Okay, I get it — fans of Max Brooks’ best-selling “zombie apocalypse” novel World War Z are pissed off about director Marc (Monster’s Ball, Quantum Of Solace) Forster’s big-budget, big-screen “adaptation” of it because the finished product bears essentially no recognizable similarity to its printed-page predecessor. Heck, some are even going so far as to say that they actually like the film, they just feel that it should be called something else.
On the other hand, it seems that more or less everyone who hasn’t read the book loves the movie.
Much as I’d enjoy picking a side in this, the latest great “genre geek debate,” I honestly can’t, simply because I don’t really fit into either of the “warring” camps, seeing as how I neither read the novel nor loved the film with the kind of awestruck wonder its most fervent partisans seem to be brimming over with.
Oh, sure, it was pleasantly entertaining enough — United Nations bad-ass-for-hire Gerry Lane (Brad Pitt — who, let’s face it, is probably contractually obligated to always play somebody at least a little bit cooler than the Average Joe) races against the clock, and around the globe, to keep his wife, Karin (Mireille Enos of TV’s The Killing) and their kids safe from a massive viral plague that essentially mashes together elements of the scenarios George Romero laid out in both The Crazies and his seminal “Living Dead” flicks, only with a much larger budget that enables the filmmakers to give us a more international perspective on the goings-on. Governments are strained to breaking point and/or collapse entirely, WHO and the world’s various military forces struggle to get a handle on things, no area is left unaffected, no one is safe —you get the picture.
The script went through four sets of hands — Babylon 5 creator and frequent comics scribe J. Michael Straczynski gave way to former Lost head honcho and occasional comics scribe Damon Lindelof who in turn gave way to Drew Goddard who in turn gave way to Matthew Michael Carnahan — and, as you can imagine, is something of a mess as a result. Fortunately, it never slows down long enough for you to fully realize that fact, and instead keeps you on the edge of your seat with its PG-13-level action and semi-violence (notice I don’t say anything about gore — sorry, die-hard zombie-holics) from the time it clocks in to the time it knocks off and heads for the bar around the corner.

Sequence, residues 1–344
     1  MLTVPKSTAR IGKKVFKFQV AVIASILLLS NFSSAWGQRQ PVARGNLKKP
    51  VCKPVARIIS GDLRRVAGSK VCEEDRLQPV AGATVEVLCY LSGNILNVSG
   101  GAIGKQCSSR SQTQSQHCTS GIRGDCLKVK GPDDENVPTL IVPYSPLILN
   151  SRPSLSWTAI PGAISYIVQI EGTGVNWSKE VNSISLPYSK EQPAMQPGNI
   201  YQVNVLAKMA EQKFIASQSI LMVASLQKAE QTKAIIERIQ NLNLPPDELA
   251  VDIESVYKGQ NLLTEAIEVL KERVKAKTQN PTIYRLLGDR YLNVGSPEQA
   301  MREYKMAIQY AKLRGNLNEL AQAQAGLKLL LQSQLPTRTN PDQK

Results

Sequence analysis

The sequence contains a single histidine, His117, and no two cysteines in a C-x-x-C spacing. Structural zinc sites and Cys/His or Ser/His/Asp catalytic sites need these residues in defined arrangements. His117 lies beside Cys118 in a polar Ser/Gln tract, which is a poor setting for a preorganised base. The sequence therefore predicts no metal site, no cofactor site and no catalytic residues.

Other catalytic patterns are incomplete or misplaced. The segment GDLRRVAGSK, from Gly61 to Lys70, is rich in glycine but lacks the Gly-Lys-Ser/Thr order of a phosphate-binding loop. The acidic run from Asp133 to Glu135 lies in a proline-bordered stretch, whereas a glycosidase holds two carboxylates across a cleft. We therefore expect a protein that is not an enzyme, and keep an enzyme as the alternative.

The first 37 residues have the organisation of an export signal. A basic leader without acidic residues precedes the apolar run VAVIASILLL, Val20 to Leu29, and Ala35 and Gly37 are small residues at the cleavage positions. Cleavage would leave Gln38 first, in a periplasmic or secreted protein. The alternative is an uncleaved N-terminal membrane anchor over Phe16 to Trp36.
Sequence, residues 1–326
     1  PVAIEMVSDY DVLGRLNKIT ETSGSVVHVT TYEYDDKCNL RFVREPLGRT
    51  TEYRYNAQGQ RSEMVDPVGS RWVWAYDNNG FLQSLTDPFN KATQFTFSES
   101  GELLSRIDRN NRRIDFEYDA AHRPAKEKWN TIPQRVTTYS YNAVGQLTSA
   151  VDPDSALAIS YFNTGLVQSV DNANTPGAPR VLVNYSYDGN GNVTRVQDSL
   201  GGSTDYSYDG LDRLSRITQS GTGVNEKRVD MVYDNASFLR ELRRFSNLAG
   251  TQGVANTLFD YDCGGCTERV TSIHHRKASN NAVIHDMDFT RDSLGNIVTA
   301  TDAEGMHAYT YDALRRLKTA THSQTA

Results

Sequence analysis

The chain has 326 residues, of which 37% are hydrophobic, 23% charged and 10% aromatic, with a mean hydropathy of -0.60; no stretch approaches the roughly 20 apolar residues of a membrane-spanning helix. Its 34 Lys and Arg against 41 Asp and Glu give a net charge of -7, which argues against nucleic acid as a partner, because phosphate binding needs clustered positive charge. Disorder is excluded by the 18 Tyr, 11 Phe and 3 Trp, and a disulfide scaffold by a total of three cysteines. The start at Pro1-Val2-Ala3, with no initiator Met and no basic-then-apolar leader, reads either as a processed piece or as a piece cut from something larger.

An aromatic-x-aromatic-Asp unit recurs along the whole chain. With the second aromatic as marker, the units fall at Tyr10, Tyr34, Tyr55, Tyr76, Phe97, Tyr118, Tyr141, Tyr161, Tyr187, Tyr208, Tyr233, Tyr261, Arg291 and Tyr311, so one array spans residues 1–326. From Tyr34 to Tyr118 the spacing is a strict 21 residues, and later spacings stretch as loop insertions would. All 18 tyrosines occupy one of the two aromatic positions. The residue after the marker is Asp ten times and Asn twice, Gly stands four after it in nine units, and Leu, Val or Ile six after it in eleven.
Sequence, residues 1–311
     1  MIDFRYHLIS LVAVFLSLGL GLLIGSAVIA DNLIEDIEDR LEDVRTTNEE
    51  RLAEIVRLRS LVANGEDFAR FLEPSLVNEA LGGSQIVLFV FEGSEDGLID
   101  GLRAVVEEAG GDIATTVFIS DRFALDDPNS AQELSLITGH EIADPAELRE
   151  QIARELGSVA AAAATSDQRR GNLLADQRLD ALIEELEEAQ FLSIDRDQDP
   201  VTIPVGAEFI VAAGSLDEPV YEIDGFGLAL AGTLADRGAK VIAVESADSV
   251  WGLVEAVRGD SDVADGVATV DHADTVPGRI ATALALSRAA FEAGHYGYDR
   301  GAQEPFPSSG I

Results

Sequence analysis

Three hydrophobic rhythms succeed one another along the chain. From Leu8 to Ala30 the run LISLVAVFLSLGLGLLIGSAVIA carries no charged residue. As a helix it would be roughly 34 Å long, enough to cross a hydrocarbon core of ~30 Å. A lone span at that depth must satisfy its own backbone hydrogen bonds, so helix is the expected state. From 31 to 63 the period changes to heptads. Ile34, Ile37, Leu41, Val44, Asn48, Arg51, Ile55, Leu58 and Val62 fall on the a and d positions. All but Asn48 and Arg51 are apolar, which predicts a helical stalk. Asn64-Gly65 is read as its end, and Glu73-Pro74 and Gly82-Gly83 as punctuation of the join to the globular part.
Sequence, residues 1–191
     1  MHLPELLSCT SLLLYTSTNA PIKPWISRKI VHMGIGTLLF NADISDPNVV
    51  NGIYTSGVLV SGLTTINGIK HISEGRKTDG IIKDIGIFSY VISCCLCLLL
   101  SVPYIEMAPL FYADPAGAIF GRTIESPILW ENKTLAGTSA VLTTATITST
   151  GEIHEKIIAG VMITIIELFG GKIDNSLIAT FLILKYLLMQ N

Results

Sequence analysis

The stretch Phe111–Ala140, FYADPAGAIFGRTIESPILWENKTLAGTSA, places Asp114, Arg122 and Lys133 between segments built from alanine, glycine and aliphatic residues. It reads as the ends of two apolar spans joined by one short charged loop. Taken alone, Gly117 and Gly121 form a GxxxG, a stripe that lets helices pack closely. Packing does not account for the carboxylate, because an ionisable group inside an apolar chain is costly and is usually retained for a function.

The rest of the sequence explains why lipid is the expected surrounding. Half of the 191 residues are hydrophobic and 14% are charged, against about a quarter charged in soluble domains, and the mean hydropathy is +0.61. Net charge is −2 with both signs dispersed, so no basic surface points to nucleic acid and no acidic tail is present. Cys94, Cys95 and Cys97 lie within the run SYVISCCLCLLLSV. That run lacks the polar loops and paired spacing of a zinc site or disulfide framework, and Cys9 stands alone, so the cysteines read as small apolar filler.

The end result is something of a hustle — it’ll slowly dawn on you as you make your way home from the theater that what you just saw really wasn’t anything too special, but what the hell — you were too busy having fun to notice.
And that was probably the whole point, really. I don’t think Forster and his literal army of screenwriters set out to reinvent the wheel here or overturn the sacred “Romero Rules” permanently. They were just the guys brought in to make something of a damn popular book that Paramount bid a fortune to obtain the rights to and if, at the end of the day, all that survived of World War Z as most folks knew it was the title, well — that’s pretty much all they were paying for, anyway. Beyond that the only edicts from the studio “suits” were probably to land a huge star, load up on the CGI, and deliver a product that the average summertime movie-goer would find to be a reasonable enough investment of ten bucks and (roughly) two hours.
Judging it on that scorecard, you’d have to say they can all pat themselves on the back, say “mission accomplished,” and go home. Those hoping for a movie that would revolutionize the genre on celluloid the same way the book did in print are bound to be left feeling a bit disappointed, as is anyone who bothers to actually think about what they’re seeing while they’re seeing it, but for anyone and everyone else, hey — it’s a decent enough little thrill ride. Grab some popcorn, sit back, and please don’t struggle against your inner 12-year-old.
Now, as to the other raging debate splitting the internet about whether or not this is actually a horror movie or just a “thriller” with some genre trappings —
Forget it. I’m sooooo not going there. One nerd-controversy per review is my limit.